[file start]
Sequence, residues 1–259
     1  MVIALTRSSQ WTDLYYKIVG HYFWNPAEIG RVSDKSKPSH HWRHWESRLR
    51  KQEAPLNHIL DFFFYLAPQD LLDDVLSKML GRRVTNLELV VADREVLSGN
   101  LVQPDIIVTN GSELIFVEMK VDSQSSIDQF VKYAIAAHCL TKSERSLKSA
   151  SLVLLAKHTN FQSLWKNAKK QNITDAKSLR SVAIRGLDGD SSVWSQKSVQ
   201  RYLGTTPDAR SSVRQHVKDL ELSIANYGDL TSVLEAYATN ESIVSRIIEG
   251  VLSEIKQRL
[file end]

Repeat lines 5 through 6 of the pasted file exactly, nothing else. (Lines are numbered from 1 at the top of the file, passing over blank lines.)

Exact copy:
   151  SLVLLAKHTN FQSLWKNAKK QNITDAKSLR SVAIRGLDGD SSVWSQKSVQ
   201  RYLGTTPDAR SSVRQHVKDL ELSIANYGDL TSVLEAYATN ESIVSRIIEG